Wind & Solar = 77% Of New US Electricity Generating Capacity In November—Dig it. The renewables revolution is here. Every watt that can displace a fossil fuel watt is demand destruction.

You Must Read—The Hockey Stick and the Climate Wars: Dispatches from the Front Lines

The climate scientists have to be right 100 percent of the time, or their 0.01 percent error becomes Glaciergate, and they are frauds. By contrast, the deniers only have to be right 0.01 percent of the time for their narrative. [Page 223]

9780231152549Last week I suggest that you read Merchants of Doubt: How a Handful of Scientists Obscured the Truth on Issues from Tobacco Smoke to Global Warming, which was a stunning longitudinal look at the history of contrarian “science” and denial in the U.S. on a range of topics. If you really want to understand the mechanism behind the current crop of climate denial you need to read Michael E. Mann’s The Hockey Stick and the Climate Wars: Dispatches from the Front Lines.

Michael E. Mann is a climatologist and member of the faculty at Pennsylvania State University. He holds a PhD in geology and geophysics. This is not the sort of person you think would be the subject of severe character defamation and the target of a coordinated public relations campaign to discredit his work.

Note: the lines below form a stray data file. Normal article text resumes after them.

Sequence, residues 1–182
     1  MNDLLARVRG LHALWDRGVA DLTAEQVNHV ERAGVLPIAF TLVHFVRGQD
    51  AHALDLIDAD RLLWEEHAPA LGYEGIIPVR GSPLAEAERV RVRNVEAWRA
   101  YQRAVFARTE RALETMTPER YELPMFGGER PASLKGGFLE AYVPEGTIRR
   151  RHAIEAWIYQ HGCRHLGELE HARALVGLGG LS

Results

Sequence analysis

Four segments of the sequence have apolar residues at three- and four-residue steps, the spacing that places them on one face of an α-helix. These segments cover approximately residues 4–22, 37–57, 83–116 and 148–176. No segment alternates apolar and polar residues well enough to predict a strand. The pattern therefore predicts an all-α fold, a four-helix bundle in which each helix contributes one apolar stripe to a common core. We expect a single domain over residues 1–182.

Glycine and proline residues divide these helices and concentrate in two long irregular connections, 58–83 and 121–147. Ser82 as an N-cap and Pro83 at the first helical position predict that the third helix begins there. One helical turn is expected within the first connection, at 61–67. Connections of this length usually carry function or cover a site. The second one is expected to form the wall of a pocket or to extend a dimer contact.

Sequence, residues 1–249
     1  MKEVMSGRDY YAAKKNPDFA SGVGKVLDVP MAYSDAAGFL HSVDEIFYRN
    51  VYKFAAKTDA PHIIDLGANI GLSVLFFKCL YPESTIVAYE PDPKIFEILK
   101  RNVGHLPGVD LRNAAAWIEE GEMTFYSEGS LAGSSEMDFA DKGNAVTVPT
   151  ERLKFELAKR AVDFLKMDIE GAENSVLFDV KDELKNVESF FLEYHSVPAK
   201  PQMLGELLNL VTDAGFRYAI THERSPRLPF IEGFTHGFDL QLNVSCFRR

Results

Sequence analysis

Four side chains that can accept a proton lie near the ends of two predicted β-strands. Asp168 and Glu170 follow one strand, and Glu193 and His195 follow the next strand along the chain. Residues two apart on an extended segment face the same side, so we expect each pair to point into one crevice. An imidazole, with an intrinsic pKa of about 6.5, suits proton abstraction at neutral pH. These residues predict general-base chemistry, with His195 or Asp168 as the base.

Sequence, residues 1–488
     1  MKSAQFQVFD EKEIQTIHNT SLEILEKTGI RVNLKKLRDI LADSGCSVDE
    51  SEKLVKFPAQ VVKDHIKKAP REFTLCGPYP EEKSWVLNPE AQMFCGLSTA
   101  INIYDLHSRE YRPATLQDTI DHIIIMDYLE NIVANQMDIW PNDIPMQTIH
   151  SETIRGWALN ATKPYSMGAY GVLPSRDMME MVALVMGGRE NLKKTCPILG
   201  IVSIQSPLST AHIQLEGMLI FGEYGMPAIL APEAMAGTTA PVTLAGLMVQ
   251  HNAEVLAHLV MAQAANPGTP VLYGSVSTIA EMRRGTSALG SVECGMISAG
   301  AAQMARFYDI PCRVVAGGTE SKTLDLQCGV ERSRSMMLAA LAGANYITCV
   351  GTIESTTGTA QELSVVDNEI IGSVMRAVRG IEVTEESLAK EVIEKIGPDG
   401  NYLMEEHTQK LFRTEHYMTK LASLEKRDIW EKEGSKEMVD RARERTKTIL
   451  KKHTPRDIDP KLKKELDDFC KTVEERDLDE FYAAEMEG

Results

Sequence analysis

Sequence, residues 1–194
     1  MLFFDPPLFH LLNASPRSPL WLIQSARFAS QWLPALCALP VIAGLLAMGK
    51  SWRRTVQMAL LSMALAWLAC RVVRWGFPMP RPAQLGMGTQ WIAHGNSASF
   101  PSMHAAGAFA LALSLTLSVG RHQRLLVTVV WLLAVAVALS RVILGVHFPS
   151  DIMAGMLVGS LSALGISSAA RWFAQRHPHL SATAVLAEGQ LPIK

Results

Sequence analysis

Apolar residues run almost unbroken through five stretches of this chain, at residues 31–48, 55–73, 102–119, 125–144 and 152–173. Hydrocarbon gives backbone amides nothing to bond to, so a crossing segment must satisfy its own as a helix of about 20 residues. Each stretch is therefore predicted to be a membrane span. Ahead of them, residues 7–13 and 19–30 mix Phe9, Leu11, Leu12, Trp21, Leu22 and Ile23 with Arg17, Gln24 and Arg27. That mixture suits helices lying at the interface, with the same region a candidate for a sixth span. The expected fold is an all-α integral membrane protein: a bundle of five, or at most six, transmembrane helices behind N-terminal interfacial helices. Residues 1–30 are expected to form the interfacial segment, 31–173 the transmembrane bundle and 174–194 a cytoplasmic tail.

However, in 1999 Mann—along with Raymond S. Bradley and Malcom K. Hughes—published a paper consisting of a reconstruction of climate going back approximately 1,000 years. The model, entitled MBH99 for the authors and the year in which it was published, would become famous as the “hockey stick.” The model showed a relatively stable climate, in terms of temperature volatility, for most of the time period with the recent history showing a market increase in upward volatility. Hence the hockey stick.

Somehow this model became the bete noir of the climate change denial movement—most of which was outlined extremely well in Merchants of Doubt. Michael E. Mann’s personal account shows the degree to which the attacks on this particular component of the climate debate were founded on bad science, funded by fossil fuels, and perpetuated by a modern media machine that craves controversy to feed its twenty four hour programming schedule.

The destruction of climate denier “science” is a nice read, but it hardly matters to people who will literally claim to not believe anything because of Jesus or some such shit. Don’t believe me? Check out Pastor Matthew Hagee. These are the type of people you are trying to convince that mankind has altered the physical conditions of the planet.